Since the 1980’s Americans have been comfortable, and the uncomfortable have been sufficiently marginalized. Income inequality is resulting in a dismantling of the above mentioned legislation, transferring power back to the wealthy, leaving the rest of us more vulnerable. Normal people are feeling the pain, I am feeling the pain, economically and otherwise, and feeling powerless to do anything about it. Many are channeling their anger towards each other (immigrants, refugees, minorities), looking to authoritarian leaders for solutions. This is misguided, but understandable, because authoritarians talk tough, as if they’re not going to take shit from anyone anymore. The rest of us feel that way. I can see why that would be appealing, but we have to take power back from the elites ourselves. We can’t wait for authoritarians to pretend to do it for us.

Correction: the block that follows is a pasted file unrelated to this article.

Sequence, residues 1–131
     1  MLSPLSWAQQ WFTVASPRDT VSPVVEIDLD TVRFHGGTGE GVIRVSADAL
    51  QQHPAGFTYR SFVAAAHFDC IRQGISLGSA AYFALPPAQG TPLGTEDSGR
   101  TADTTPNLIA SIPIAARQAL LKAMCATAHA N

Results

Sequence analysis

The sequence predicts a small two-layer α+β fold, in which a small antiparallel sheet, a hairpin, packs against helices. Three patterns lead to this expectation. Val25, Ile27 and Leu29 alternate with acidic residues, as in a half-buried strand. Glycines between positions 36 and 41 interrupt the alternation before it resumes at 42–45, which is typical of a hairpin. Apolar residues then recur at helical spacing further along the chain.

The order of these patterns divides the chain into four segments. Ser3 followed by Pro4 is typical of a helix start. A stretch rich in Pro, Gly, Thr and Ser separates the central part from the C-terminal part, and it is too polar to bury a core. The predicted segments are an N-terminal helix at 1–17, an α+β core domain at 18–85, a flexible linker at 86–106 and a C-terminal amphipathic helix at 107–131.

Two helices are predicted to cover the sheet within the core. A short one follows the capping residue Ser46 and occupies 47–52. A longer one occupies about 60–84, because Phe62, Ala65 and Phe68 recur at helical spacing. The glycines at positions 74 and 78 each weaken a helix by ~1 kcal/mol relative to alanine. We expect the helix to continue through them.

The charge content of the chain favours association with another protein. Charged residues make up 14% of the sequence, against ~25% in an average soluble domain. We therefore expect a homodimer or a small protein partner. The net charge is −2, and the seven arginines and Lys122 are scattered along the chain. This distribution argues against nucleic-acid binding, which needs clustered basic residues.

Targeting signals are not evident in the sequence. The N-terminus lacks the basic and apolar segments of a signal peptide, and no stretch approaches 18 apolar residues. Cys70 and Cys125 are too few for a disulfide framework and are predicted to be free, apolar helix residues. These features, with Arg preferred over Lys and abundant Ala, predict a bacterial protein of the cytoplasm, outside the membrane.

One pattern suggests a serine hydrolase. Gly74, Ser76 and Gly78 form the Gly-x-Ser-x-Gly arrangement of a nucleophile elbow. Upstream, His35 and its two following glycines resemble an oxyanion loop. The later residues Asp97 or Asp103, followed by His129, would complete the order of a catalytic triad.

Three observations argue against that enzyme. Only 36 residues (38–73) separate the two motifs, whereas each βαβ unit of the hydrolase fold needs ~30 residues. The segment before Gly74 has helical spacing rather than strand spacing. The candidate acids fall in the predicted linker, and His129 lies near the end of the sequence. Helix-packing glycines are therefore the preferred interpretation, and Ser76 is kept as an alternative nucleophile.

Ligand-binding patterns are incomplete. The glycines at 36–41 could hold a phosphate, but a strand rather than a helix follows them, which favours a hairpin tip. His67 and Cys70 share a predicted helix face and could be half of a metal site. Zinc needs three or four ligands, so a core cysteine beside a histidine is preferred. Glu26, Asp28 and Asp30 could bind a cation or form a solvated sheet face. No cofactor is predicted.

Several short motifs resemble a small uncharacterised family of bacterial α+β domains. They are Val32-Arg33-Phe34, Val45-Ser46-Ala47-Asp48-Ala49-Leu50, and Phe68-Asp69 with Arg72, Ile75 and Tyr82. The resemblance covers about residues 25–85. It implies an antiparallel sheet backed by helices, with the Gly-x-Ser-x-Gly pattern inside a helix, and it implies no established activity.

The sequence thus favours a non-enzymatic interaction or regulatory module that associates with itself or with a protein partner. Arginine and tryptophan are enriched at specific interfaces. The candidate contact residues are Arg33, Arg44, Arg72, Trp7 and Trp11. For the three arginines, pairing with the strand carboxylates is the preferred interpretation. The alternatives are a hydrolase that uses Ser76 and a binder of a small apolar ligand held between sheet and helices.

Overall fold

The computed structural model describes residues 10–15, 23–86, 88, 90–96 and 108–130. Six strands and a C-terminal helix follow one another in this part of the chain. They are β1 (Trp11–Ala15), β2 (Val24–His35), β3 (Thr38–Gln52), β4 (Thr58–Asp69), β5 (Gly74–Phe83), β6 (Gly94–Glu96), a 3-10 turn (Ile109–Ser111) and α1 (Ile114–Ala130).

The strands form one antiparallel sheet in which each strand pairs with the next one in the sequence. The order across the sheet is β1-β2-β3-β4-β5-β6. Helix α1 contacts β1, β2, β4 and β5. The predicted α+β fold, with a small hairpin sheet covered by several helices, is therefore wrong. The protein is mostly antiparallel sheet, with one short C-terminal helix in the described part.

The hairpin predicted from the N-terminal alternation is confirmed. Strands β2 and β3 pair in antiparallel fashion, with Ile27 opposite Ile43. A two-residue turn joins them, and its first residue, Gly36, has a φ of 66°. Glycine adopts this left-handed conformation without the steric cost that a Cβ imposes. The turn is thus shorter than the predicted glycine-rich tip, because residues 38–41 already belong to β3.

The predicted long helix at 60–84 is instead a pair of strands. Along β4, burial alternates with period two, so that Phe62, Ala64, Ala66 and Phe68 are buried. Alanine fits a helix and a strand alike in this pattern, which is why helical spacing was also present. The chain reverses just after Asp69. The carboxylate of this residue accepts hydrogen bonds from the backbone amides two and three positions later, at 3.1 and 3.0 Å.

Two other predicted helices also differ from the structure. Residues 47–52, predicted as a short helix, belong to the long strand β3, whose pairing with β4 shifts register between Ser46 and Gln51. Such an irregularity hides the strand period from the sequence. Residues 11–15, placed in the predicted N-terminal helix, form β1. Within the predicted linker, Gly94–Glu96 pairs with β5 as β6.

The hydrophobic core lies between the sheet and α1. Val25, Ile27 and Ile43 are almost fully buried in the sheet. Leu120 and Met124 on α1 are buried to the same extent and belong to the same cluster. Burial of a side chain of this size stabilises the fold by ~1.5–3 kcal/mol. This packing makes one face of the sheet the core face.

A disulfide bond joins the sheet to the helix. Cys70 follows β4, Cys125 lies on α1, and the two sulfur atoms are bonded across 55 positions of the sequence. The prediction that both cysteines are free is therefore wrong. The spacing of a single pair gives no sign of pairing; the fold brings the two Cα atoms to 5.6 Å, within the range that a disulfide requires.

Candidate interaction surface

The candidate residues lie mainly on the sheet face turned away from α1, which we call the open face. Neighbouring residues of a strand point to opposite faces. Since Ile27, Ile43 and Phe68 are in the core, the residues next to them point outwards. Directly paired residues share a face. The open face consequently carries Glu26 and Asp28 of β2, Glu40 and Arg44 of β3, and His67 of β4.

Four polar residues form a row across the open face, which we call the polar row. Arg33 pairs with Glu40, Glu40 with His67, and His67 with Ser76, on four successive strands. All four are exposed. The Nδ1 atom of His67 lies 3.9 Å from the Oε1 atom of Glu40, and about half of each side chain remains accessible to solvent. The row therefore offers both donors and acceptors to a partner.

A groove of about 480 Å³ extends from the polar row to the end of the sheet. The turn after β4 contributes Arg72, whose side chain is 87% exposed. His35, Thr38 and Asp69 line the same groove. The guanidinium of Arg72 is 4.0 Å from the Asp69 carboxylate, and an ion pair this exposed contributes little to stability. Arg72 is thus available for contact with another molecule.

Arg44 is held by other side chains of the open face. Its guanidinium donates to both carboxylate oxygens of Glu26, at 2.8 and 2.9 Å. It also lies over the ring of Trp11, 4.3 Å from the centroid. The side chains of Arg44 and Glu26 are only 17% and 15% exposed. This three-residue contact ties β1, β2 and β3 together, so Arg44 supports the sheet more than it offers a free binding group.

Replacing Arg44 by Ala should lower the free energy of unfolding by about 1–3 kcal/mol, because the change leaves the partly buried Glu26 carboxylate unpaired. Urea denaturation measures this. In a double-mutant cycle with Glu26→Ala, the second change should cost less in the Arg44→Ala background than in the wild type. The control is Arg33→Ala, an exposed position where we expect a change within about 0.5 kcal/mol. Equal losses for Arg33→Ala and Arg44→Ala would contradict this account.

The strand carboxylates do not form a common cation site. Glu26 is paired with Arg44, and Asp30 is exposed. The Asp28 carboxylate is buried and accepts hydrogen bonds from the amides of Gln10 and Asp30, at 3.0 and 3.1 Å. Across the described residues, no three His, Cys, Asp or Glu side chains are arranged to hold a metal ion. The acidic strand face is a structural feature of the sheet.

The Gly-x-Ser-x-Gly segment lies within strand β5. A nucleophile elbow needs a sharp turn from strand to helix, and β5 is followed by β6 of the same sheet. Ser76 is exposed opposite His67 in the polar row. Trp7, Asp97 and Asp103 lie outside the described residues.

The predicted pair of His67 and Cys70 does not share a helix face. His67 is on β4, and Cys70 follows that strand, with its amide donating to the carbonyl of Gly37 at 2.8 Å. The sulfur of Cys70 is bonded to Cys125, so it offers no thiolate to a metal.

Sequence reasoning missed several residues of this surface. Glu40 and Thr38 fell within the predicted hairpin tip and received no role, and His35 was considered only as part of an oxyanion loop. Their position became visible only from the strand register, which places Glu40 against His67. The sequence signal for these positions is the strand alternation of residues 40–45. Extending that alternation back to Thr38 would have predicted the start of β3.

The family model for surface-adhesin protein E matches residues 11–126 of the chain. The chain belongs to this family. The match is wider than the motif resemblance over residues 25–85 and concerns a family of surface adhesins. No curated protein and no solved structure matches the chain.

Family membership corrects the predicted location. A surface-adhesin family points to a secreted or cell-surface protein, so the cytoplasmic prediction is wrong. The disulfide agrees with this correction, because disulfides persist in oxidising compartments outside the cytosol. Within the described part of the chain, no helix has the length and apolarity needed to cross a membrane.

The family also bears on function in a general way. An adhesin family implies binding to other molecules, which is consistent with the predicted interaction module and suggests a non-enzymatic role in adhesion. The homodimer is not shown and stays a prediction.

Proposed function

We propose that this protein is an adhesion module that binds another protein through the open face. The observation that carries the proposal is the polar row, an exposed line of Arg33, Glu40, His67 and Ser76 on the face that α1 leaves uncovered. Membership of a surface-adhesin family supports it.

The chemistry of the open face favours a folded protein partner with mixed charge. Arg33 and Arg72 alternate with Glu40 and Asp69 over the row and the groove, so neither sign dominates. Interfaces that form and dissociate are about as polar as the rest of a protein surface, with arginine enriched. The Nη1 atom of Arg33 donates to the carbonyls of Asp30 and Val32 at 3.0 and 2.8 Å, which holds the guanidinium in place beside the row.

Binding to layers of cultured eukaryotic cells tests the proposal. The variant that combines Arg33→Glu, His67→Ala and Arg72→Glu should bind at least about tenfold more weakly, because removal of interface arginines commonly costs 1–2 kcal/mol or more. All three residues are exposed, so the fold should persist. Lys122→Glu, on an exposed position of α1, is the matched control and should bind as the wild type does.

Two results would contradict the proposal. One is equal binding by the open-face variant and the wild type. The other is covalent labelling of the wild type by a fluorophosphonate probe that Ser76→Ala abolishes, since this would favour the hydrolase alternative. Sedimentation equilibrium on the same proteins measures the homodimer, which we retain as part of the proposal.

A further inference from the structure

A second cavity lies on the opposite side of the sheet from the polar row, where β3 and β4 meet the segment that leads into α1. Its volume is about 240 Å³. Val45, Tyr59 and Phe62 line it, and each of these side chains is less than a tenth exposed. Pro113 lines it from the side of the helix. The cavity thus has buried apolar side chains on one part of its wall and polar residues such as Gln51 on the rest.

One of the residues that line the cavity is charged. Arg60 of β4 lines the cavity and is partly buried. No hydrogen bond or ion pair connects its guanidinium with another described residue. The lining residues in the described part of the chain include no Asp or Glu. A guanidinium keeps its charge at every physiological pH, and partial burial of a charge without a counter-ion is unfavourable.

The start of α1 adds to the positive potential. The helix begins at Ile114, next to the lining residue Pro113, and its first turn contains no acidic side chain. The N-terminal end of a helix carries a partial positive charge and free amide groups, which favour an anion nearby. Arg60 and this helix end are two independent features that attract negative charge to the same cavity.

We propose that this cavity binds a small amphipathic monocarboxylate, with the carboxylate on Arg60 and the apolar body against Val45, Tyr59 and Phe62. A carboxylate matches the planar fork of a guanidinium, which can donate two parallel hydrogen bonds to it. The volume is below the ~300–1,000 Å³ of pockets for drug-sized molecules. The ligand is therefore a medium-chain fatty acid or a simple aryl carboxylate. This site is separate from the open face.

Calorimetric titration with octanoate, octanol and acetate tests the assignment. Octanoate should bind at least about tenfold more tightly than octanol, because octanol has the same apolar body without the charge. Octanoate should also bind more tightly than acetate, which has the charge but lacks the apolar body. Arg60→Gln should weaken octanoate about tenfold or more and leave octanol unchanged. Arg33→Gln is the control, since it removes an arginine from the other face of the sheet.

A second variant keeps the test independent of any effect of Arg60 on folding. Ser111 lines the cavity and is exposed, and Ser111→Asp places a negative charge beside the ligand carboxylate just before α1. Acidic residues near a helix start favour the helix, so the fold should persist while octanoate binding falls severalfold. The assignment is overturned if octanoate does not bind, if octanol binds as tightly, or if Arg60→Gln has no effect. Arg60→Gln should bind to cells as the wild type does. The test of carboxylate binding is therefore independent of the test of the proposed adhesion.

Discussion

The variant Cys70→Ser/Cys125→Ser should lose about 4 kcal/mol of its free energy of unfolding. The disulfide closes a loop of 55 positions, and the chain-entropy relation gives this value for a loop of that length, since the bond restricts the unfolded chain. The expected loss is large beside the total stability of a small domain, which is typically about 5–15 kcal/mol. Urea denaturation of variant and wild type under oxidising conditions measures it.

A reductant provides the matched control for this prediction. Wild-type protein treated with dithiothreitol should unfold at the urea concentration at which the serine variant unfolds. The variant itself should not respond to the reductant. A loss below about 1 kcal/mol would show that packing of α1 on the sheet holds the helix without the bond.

One last comment. The reality is that the globalized world we live in is radically different than it used to be, so what worked before will not work today. For example, unions will probably never be what they once were, but people will have to find new opportunities for collective action in order to turn the tide of authoritarianism. That being said, as long as we remember we can never turn back the clock, the more familiar we are with the history of collective action, the more we will know how to behave in the future.

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Elton L.K. is a writer and a worker. He says “Billionaires? No, thank you.”

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The Working Class Intelligentsia

The Working Class Intelligentsia

Elton L.K. is a writer and a worker. He says “Billionaires? No, thank you.”